Bovril is the trademarked name of a thick, salty meat extract, developed in the 1870s by John Lawson Johnston. It is sold in a distinctive, bulbous jar. Bovril is made in Burton upon Trent, Staffordshire; owned and distributed by Unilever UK.
Bovril can be made into a drink by diluting with hot water, or less commonly, with milk. It can be used as a flavouring for soups, stews or porridge, or spread on bread, especially on toast in a similar fashion to Marmite and Vegemite.
In 1870, in the Franco-Prussian War, Napoleon III ordered one million cans of beef to feed his troops. The task of providing all this beef went to a Scotsman living in Canada named John Lawson Johnston. Large quantities of beef were available across the British Dominions and South America, but its transport and storage were problematic. Therefore, Johnston created a product known as ‘Johnston’s Fluid Beef’, later called Bovril, to meet the needs of Napoleon III. By 1888, over 3,000 UK public houses, grocers and dispensing chemists were selling Bovril. In 1889, the Bovril Company was formed.
Bovril continued to function as a “war food” in World War I and was frequently mentioned in the 1930 account “Not So Quiet… Stepdaughters of War” by Helen Zenna Smith (Evadne Price). One account from the book describes it being prepared for the casualties at Mons where “the orderlies were just beginning to make Bovril for the wounded, when the bearers and ambulance wagons were shelled as they were bringing the wounded into the hospital”.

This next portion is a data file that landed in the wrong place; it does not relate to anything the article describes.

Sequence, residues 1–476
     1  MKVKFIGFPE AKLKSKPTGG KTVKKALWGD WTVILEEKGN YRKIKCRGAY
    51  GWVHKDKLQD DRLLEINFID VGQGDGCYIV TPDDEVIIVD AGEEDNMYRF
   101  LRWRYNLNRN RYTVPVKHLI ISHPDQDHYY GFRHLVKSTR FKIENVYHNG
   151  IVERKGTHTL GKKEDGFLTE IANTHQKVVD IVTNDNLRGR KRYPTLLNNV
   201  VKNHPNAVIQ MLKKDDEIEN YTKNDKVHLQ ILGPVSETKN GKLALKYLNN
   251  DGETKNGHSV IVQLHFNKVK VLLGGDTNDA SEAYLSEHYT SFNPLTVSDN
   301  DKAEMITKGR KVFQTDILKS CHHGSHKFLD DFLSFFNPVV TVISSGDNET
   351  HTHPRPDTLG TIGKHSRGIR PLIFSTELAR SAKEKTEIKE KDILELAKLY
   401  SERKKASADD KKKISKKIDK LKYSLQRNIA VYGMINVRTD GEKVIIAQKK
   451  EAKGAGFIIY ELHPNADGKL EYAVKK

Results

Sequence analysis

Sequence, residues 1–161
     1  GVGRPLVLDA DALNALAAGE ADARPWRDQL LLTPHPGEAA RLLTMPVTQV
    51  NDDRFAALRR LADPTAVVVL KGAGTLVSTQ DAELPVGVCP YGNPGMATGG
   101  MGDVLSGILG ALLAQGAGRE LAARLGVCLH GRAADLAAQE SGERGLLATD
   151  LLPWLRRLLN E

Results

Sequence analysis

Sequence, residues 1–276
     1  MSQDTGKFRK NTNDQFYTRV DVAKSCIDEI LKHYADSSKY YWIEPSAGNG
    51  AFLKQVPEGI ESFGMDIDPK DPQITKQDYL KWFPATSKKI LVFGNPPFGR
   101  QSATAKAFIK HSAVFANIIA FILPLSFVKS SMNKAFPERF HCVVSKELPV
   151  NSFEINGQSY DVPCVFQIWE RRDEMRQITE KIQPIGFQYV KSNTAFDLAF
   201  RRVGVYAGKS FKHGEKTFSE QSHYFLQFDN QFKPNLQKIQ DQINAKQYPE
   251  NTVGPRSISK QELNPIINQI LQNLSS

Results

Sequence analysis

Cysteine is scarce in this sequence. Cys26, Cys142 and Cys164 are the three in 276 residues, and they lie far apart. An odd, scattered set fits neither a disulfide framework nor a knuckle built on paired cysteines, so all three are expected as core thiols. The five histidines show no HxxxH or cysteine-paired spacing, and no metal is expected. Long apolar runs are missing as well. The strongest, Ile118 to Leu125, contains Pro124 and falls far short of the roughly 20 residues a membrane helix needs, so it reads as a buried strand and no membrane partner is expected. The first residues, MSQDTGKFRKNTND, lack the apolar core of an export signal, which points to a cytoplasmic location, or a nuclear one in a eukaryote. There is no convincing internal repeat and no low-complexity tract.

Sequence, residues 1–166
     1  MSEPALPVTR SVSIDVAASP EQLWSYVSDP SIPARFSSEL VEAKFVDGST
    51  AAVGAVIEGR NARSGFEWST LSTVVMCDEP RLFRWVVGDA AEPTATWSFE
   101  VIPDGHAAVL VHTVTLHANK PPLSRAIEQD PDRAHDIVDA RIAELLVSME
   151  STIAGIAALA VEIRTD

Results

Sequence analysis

A thermos of beef tea was the favoured way to fend off the chill of winter matches for generations of British football enthusiasts; to this day, Bovril dissolved in hot water is sold in stadiums all over the United Kingdom. Bovril beef tea was the main warm drink that Ernest Shackleton’s team had to drink when they were marooned on Elephant Island during the Endurance Expedition.
When John Lawson Johnston died, his son George Lawson Johnston inherited and took over the Bovril business. In 1929, George Lawson Johnston was created Baron Luke, of Pavenham, in the county of Bedford.
Bovril’s instant beef stock was launched in 1966 and its “King of Beef” range of instant flavours for stews, casseroles and gravy in 1971. In 1971, Cavenham Foods acquired the Bovril Company but then sold most of its dairies and South American operations to finance further take-overs. The brand is now owned by Unilever.
Bovril holds the unusual position of having been advertised with a Pope. An advertising campaign of the early 20th century in Britain depicted Pope Leo XIII seated on his throne, bearing a mug of Bovril. The campaign slogan read: The Two Infallible Powers – The Pope & Bovril (See picture #2 at the top of the post).
Since its invention, Bovril has become an icon of British culture. It is commonly associated with football culture, since during the winter British football fans (mainly in local league level or division two) in stadium terraces often drink it from thermoses (or disposable cups in Scotland, where thermoses are banned from football stadiums).’
During a 2011 episode of Top Gear, James May drank from an urn of Bovril while driving a snowplough in Norway and commented: “We all know that when it’s snowing and it’s cold you have Bovril. That’s a rule of life.” Bovril reappeared in another episode of Top Gear in the form of Jeremy Clarkson’s V8 Food Blender, wherein it was used to make a “Man’s V8 Smoothie” complete with raw beef and brick.
Text from Wikipedia